From Ewan's diary:
"And so the challenge draws to an end, and it's been a rather successful challenge as well. Going through your feedback, you've all been enjoying this series, watching me travel around the US with only a $250 budget to buy my smartphone, the SIM card, data plan, minutes, peripherals and third party applications.
I've answered some of your questions in the final video diary (along with introducing a potential new guest-star for some more videos...), but since recording the video I can now answer one more question, which was to do with using my purchased handset, the Nokia 5230, as a modem for my PC. One of the comments suggested I use Joikuspot to make a mobile hotspot with the 5230. Great idea, I thought, let's do that in the Austin-Bergstrom airport lounge.
Yes I know... I forget the 5230 doesn't have wifi. D'oh, although it does show how widespread the 3G data connection was during the trip that this was the one time I went looking for it.
Never fear though, because the Nokia PC suite can tether the phone as a modem, and has a database of network settings already built in. So one connection to PC Suite later and I was away, tethered to AT&T. Wow, this sucks up data! A twenty minute session of light browsing chewed through 6MB of my data plan - you may recall that I have purchased 100MB of data for $20 on the AT&T Go-phone. That compares with around 3MB a day with just the phone's needs, for browsing, social networking and various other online interactions. So yes it can be done, but watch the bandwidth needle wind down like an egg timer on the edge of a centrifuge.
I've been pleasantly surprised by the results of the challenge. I was expecting to have to be very severe on my use of data to keep within the 100MB. In fact I'm leaving Texas with 47MB of the plan left. Not bad for fourteen days, and if I had been out here for a month (the regular billing cycle) then I would be looking at 94MB used, as I would have avoided the tethered modem test.
I've used 142 texts out of the pre-paid bundle of 200 texts ($5), so for a longer trip I'd go for the $10 bundle of 1000 texts. I've actually only sent 70 texts but the mad US system of paying for incoming texts and calls means my friends used up half my allowance. It's a similar story with call time, from the $15 left for calls, I have $3.25 left (the call rate was 25 cents a minute).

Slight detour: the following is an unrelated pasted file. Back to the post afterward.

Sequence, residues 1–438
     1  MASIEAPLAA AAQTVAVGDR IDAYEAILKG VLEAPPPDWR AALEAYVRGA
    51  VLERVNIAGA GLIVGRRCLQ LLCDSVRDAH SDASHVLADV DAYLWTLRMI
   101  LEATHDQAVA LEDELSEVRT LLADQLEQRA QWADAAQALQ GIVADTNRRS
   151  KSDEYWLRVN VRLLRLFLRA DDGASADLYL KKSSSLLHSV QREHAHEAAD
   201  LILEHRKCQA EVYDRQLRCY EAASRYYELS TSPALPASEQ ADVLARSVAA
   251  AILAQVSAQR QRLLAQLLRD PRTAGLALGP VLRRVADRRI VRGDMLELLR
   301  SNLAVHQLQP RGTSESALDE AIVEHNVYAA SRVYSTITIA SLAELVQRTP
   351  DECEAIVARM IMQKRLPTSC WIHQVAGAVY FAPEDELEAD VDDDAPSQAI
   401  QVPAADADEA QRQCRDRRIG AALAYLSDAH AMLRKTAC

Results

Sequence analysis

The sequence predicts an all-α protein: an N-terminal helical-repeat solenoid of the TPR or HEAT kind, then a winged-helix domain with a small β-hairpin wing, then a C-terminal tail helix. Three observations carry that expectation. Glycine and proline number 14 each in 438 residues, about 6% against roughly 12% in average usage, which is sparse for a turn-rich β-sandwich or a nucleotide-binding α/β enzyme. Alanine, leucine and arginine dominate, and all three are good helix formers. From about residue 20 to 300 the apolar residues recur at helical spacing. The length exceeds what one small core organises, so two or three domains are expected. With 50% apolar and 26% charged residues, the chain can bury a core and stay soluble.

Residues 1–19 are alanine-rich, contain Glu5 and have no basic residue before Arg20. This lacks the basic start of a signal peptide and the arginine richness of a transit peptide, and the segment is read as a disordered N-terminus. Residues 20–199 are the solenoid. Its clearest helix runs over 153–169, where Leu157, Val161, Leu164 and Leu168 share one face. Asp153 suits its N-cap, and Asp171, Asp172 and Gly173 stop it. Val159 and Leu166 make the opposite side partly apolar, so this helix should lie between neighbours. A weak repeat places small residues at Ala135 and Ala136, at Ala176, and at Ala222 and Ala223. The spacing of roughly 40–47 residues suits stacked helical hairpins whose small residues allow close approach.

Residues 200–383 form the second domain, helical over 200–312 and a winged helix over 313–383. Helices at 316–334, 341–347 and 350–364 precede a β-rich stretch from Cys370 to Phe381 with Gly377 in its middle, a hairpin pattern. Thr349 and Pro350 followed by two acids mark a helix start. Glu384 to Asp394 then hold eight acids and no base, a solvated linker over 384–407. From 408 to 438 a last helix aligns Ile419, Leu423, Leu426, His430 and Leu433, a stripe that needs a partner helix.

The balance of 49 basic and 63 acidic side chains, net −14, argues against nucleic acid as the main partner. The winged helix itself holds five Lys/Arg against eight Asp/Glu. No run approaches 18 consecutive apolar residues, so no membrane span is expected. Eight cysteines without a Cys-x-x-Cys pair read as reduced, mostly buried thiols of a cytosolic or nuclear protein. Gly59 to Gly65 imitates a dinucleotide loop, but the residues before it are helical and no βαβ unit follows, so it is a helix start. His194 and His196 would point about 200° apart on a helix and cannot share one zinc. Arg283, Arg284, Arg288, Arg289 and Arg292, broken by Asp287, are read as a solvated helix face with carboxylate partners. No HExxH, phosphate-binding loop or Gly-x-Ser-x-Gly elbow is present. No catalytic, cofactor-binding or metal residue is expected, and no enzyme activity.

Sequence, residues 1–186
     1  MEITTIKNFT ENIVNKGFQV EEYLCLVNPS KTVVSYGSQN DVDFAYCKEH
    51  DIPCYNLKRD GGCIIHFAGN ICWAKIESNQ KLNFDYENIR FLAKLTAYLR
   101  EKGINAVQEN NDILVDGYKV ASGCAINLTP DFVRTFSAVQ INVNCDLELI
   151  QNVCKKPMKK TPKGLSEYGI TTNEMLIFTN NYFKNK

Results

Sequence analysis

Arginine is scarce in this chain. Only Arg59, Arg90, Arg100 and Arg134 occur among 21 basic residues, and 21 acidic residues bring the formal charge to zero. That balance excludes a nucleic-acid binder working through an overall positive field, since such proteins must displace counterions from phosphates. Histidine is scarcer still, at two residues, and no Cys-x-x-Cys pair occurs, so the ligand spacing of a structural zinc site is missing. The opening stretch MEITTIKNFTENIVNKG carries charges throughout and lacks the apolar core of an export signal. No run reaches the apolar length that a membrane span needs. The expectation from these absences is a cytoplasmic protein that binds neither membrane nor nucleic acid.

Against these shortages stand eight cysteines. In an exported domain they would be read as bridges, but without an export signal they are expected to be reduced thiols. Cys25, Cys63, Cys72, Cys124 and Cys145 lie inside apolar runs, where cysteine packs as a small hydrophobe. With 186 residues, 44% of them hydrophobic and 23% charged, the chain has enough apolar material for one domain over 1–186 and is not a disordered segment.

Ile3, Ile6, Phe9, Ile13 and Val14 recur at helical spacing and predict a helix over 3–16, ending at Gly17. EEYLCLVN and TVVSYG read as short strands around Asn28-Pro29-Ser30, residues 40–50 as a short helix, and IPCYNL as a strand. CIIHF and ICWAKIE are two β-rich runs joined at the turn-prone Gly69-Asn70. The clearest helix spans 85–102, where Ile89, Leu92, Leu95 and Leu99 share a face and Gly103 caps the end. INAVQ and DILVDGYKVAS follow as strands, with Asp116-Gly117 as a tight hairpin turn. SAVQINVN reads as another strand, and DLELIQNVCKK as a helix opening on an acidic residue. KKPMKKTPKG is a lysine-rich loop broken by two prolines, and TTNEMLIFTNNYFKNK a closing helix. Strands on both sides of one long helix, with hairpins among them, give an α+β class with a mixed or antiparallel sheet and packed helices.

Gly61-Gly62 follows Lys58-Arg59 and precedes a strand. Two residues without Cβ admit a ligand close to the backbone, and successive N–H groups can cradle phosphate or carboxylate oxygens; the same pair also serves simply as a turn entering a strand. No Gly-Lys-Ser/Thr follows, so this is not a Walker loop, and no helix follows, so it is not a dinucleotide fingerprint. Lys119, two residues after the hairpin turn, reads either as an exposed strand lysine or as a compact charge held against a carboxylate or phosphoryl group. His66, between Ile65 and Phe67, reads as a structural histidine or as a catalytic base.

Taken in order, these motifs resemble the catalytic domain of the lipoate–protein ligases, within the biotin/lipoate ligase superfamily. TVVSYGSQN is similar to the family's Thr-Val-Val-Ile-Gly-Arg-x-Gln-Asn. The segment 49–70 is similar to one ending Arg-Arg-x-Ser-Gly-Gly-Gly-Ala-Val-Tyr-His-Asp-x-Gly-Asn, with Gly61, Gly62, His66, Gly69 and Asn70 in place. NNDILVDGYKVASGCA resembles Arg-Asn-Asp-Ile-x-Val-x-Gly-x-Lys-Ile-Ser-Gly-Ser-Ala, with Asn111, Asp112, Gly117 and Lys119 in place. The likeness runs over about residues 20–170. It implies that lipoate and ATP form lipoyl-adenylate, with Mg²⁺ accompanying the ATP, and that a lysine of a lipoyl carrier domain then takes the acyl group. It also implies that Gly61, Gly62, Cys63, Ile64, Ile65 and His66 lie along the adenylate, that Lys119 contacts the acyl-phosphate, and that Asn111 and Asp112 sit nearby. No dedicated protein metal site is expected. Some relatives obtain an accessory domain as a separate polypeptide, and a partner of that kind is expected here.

To get the most of being online, I only had to install two applications – Opera Mini for more optimised browsing; and Gravity for social network interactions. Arguably the built in web browser could handle both of these, with some tweaked settings in the browser to stop image loading; and the mobile versions of sites such as Twitter and Foursquare. Out of the box I wouldn't be crippled, but these third party applications add a certain elegance to the solution, as well as reducing the bandwidth used, thanks to the Opera proxy service and Gravity's use of server side Gzip compression.
What was needed as a matter of urgency was a new theme for the phone. All the bundled themes on the 5230 are white text on a dark background, with various different colours for the cursor. Under the strong Texan sun that was almost unreadable. I downloaded the Prestige Solace theme by T7 so I could switch to a black text on white background; this partially solved the problem of the reflective screen as long as I turned the phone to the mid-day shadow!
The underlying goal running through the three daily challenges, and the two week experiment itself, was to explore how well Symbian and S60 copes in the low tier handsets. With some shopping around the 5230 is available unlocked for under £75 and the US-badged Nuron likely around $140 on Amazon and Best Buy, unlocked and with no contract. That's phenomenal value, and if you go for a locked handset on a Pay As You Go plan, that price drops rapidly towards zero.
The biggest missing link, at least for power users, is the lack of Wifi. I can honestly say that on only one occasion did I miss Wifi, and that was in the aforementioned Joikuspot hiccup. Coverage in San Francisco and Austin was almost constant; I could get online and get the information that I wanted with ease; and the handset does everything that the larger and more attractive handsets like the X6 and the N97 mini will do with only two other notable compromises.
Following on from Wifi, the second issue is the on-board memory, or lack of. Without an SD card, the 5230's capabilities are limited. You can't load up music or video; you can't sideload maps; and you have limited space for third party applications. Even the small 2GB card I picked up freed me from these constraints.
The final worry is the camera, and I think that this comes down to a bit of European snobbery. A 2 megapixel camera, usch as the 5230, is in the same range as that on many higher priced iPhones and Windows Mobile devices. Yes, it's a step down from the Carl Zeiss lenses we've been spoiled by, but while the specification is roughly similar, Nokia's software makes up for the smaller sensors and fixed focus limits in the camera.
$250 in your pocket to buy a smartphone and all the bits that go with it for two weeks connectivity in America?
Easy. I managed it with five dollars to spare. Which is the exact price of a single malt on the flight home. Cheers!"